Patty Welther is the manager of Member Engagement at the Manufacturer & Business Association. To discuss more about onsite training or if you are interested in having any of our programs conducted for a group of your employees, please contact her at 814/833-3200, 800/815-2660 or firstname.lastname@example.org.
mbabizmag.com • AUGUST 2016
TODAYIS A GOOD DAY TO
LOWER YOUR ENERGY COSTS. TRUST & EXPERTISE
We’ve helped hundreds of companies of every size and type save millions of dollars on their electricity costs, and we’re here to help you too! Our energy experts will answer your questions, review all available options and help you develop an effective, efficient energy strategy that manages your risk and maximizes your savings.
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Contact Judy Rosatti at 814/833-3200, 800/815-2660 or email email@example.com.
Anchored by Family, we’ve continually “built our reputation from the ground up”
Pictured: Travis Schaaf, Joe Spaeder, Nanette Spaeder, Dan Schaaf, Karen Fields, Joan Schaaf, Tim Schaaf, Debbie Hodinko, Keith Hodinko, Matt Hodinko
AUGUST 2016 • mbabizmag.com
Building Systems, Inc. 7335 Old Perry Highway Erie, PA 16509 (814) 864-4851 www.buildingsystems-inc.net
8500 Oliver Road • Erie, PA 16509
Discover new career opportunities through industry specific and customized training. The Regional Career & Technical Center is a leading provider of quality career and technical training programs for adults. We offer a variety of courses, affordable tuition and convenient class schedules. ISO 9001:2008 Certified
*NEW! CAREERLINK APPROVED COURSES Term I classes begin the week of September 6. Register for classes August 8 – 26.
Visit www.rctcerie.org for a complete course schedule or call 814.464.8601 for more information.
NOW! RIDE the e, TAKE ROUTE 3! The RCTC is a division of the Erie County Technical School, an equal opportunity educational institution.
~ COMMITMENT TO ~
CUSTOMERS AND EMPLOYEES ~ SUPPLYING ~
QUALITY PRODUCTS AND SERVICES left to right: Doug Kuhn - Engineering Manager Nate Kuhn - Assistant Foreman Bonnie Kuhn - Vice President Ken Kuhn - President
Our new facility allows room for growth while continuing to provide quality fixtures and gages for our customers.
21371 BLOOMING VALLEY ROAD MEADVILLE, PA 16335 PHONE 814-336-2123 | FAX: 814-336-2124 kuhntool.com
mbabizmag.com • AUGUST 2016
LEGAL Q&A | GET ANSWERS
WHAT ARE THE WHITE COLLAR EXEMPTIONS TO THE FLSA?
The FLSA’s white collar exemptions exclude “bona fide” executive, administrative and professional employees from federal minimum wage and overtime requirements. Certain computer professionals and outside sales employees are also included in the FLSA exemption and, therefore, excluded from the minimum wage and overtime requirements. However, Pennsylvania employers must be aware that the federal or Pennsylvania overtime provision that provides for the greater benefit to the employee is the standard that will be enforced. An employer must pay overtime if the federal rules or Pennsylvania law requires overtime payment. For example, the federal rules do not require overtime for computer professionals. However, Pennsylvania law currently requires overtime for computer employees. Accordingly, overtime must be paid to computer employees if there are no other Pennsylvania laws excluding these employees from overtime.
IF I PAY MY EMPLOYEES A SALARY, ARE THEY EXEMPT FROM OVERTIME PAY? The fact that an employee is paid on a salary basis is not alone sufficient to exempt that employee from the FLSA’s minimum wage and overtime requirements. For a white collar exemption to apply, a white collar employee’s specific job duties and salary must meet all of the applicable requirements provided in the Department of Labor’s regulations.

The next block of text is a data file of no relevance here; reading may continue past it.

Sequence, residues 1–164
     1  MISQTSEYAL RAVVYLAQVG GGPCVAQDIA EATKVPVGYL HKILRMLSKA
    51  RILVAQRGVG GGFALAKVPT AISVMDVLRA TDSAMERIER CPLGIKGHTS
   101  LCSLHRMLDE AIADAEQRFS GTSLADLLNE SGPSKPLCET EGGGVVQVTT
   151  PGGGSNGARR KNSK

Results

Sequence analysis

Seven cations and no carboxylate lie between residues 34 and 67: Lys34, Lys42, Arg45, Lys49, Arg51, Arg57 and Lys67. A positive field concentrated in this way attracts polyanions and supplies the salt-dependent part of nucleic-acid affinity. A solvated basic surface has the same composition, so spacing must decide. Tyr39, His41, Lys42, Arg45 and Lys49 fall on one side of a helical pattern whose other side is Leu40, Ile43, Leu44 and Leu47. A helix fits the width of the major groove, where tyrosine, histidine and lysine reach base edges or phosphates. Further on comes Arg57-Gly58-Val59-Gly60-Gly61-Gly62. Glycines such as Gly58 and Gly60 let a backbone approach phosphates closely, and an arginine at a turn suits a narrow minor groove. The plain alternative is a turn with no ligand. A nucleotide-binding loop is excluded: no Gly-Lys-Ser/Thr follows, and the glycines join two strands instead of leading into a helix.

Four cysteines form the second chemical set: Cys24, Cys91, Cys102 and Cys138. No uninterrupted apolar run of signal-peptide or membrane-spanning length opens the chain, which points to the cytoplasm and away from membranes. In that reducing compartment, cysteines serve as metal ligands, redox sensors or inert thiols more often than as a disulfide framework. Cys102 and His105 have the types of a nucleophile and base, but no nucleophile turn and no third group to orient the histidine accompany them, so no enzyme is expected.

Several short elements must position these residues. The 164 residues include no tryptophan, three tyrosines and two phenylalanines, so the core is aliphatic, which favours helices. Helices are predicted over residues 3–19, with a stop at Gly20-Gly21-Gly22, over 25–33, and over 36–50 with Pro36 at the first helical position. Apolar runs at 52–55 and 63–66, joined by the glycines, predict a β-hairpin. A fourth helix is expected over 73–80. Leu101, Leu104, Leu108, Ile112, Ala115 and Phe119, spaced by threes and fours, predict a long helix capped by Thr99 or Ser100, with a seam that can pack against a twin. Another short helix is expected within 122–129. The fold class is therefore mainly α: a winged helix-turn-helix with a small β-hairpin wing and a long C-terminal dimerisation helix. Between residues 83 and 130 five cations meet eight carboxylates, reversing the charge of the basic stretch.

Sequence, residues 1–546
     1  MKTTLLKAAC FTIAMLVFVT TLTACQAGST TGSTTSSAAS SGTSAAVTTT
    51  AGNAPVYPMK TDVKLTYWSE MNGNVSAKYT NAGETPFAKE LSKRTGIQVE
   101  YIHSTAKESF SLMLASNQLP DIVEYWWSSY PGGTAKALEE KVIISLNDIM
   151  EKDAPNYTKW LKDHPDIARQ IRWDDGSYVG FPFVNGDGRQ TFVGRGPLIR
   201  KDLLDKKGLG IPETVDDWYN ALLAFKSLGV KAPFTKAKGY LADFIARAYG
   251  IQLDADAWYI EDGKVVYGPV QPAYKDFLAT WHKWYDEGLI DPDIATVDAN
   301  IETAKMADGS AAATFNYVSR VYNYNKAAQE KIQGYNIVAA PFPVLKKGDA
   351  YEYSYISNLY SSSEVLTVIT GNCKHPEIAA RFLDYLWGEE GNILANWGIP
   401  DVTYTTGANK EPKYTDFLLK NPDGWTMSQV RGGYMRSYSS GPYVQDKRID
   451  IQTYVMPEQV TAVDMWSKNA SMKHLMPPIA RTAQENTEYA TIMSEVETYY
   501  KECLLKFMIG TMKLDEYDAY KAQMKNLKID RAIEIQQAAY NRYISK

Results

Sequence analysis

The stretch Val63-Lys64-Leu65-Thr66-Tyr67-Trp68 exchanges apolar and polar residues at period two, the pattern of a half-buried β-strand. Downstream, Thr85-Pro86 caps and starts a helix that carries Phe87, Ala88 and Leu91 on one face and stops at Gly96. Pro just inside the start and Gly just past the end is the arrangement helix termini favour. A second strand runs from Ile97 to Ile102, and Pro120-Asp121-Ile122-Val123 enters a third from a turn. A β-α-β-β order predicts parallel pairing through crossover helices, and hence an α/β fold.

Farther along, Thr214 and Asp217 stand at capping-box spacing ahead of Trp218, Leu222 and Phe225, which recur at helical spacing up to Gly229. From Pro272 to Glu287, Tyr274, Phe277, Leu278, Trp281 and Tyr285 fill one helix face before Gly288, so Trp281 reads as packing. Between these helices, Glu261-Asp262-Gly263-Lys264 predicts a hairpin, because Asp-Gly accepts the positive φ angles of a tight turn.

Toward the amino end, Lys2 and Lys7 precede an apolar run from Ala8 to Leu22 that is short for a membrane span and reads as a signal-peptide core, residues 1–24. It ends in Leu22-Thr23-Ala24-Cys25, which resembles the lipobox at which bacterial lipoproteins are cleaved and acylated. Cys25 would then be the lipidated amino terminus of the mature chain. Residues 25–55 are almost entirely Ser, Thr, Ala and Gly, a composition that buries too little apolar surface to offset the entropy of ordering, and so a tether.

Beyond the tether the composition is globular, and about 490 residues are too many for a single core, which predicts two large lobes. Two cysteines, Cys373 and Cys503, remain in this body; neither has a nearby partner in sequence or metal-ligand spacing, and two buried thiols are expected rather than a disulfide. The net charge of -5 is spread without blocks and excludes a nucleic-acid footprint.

HAVE A LEGAL QUESTION? GET ANSWERS!
At the Manufacturer & Business Association (MBA) , we know that employment law questions can arise at a moment’s notice. Through the MBA’s HR and Legal Hotline, member companies can contact our certified HR specialists and employment law attorneys anytime, at no charge. Call today at 814/833-3200 or 800/815-2660!
The Highly Anticipated Final Overtime Rule Is Released Recently, the U.S. Department of Labor (DOL) issued its Final Rule updating the regulations applicable to white collar exemptions. Effective December 1, 2016, the standard salary threshold for the white collar exemption will increase from $455 per week ($23,660 per year) to $913 per week ($47,476 per year). While the new salary level is more than double the current salary level, the final rule permits employers to use nondiscretionary bonuses and incentive payments (including commissions) to satisfy up to 10 percent of the standard salary level. In order to consider nondiscretionary bonuses and incentive payments, the employer must pay these amounts on a quarterly or more frequent basis. The Final Rule also raises the minimum salary for employees exempt under the “highly compensated” to $134,004 from $100,000. The new minimum salary levels will not update automatically every year as originally proposed, but they will be adjusted every three years beginning January 1, 2020. If one silver lining can be found for employers, it is that the DOL did not make changes to the duties tests for any of the exemptions in the final regulations. Employers now have fewer than six months to prepare for this new rule. At first glance, employers must now decide whether to budget for additional overtime pay when newly eligible employees work more than 40 hours, raise the salaries of currently exempt employees to keep them exempt from the overtime requirement, or evaluate workload and establish schedules designed to minimize overtime. The appropriate strategy is not a one-size-fits-all solution for companies and will depend on several factors, including current employee salaries, work schedules and business operations. To assist employers with these new changes, the DOL has created a final rule webpage, https://www.dol.gov/whd/overtime/final2016/, which includes a number of fact sheets and guidance papers. The DOL has included specific fact sheets and guidance for nonprofit organizations, higher education institutions, and state and local governments, which are some of the anticipated groups of employers that will likely be hardest hit by the increase in the salary level. Employers should begin analyzing their exempt classification now to prepare for compliance by December 1, 2016, if they have not done so already.